I hope to enter critiques with an open mind; so that I can learn other people’s perspectives on my pieces that I may not have thought of before hand. I would like to become prepared to share a short statement of my piece, and make sure to see what others in the studio are doing in order to get my thoughts straightened out beforehand to be able to give authentic and constructive feedback. Just like everyone in our class, I hope to make more compelling artwork and grow in my skills as an artist – as well as how to communicate more effectively.

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    • January 31, 2017 at 3:08 pm
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      …”they were using pretty large, and specific terminology to describe the painting. It was also like an ongoing conversation…” I, too, like when the conversation flows organically. Let’s all think about ways to help facilitate that during critique this semester.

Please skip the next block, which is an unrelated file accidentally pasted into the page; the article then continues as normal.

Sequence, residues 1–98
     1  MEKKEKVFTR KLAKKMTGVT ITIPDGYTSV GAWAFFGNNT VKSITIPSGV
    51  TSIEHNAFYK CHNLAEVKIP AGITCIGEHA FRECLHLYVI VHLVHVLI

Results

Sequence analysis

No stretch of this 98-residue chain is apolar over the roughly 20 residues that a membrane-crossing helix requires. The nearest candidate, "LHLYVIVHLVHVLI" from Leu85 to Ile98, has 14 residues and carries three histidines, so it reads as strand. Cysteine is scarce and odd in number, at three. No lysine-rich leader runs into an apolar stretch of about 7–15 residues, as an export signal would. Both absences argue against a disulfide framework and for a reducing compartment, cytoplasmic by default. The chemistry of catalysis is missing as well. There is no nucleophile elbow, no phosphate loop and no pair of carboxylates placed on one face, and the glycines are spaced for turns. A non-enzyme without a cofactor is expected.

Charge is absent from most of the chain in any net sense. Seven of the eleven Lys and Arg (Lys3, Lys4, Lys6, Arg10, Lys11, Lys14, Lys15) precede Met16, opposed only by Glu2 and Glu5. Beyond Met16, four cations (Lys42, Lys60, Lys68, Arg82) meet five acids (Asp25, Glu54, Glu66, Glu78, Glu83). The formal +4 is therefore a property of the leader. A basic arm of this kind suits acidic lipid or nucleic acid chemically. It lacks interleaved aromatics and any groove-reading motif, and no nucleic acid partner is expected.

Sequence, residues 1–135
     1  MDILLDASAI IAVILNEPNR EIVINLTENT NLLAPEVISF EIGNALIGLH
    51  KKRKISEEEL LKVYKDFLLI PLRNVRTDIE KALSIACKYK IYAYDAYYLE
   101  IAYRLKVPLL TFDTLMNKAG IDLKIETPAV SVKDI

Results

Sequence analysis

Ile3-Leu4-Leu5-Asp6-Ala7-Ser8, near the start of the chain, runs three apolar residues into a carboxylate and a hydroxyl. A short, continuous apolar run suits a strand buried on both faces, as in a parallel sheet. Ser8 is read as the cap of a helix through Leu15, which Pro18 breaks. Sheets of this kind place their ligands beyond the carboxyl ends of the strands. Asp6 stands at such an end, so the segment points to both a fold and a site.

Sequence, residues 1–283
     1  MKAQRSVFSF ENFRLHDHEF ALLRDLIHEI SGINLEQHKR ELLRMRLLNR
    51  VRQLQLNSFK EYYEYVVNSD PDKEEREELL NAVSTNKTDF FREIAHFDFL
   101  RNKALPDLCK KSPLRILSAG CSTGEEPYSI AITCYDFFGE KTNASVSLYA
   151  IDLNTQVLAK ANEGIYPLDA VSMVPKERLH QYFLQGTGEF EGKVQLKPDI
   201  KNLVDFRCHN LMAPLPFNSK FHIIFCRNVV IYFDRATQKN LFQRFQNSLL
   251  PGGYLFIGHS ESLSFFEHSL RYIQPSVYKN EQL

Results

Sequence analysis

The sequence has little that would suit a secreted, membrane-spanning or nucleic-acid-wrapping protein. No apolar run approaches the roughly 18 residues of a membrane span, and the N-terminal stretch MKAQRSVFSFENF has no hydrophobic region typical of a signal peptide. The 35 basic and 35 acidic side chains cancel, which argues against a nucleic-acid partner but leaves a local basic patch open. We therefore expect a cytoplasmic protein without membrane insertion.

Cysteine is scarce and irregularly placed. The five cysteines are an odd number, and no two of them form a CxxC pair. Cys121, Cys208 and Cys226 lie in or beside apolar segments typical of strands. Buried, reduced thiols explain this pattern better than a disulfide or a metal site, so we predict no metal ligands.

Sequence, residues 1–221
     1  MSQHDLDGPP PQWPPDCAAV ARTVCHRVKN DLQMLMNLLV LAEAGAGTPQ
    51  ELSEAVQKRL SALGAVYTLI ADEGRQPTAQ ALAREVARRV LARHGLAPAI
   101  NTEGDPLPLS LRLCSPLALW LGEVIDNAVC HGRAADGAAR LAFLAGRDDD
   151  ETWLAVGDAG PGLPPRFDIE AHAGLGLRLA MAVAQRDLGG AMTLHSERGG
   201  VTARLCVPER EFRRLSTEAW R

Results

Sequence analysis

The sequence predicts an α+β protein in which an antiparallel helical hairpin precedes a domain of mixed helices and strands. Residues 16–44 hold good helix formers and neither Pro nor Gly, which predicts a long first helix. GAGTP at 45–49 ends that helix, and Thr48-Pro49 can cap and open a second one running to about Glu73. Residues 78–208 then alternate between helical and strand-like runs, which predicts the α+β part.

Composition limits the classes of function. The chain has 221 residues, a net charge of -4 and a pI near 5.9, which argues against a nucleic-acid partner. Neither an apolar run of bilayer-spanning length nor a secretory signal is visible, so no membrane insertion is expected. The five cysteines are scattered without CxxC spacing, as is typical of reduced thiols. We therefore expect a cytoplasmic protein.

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  • February 8, 2017 at 5:16 am
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    Yeah, I definitely prefer and actually enjoy critiques that are real discussion and have that flow. Sometimes I am in critiques where no one wants to say anything or can’t think of anything to say. Or when they do, its just one person’s thoughts then the next with no real relation or response. Those critiques are painful, whereas critiques where discussions flow actually feel very constructive (in my experience).

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  • February 8, 2017 at 8:19 pm
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    In our critiques, I hope to be able to contribute my own sense of artistic thoughts and ideas with everyone on their pieces and be able to do the same with their ideas and thoughts about my work. I think last semester I really started to get a good flow of feedback and to really participate as much as possible without repeating what others thoughts were. In return I hope to receive the same sort of feedback and critique and to maybe learn how to better incorporate the classes feedback into my own work.

    Reply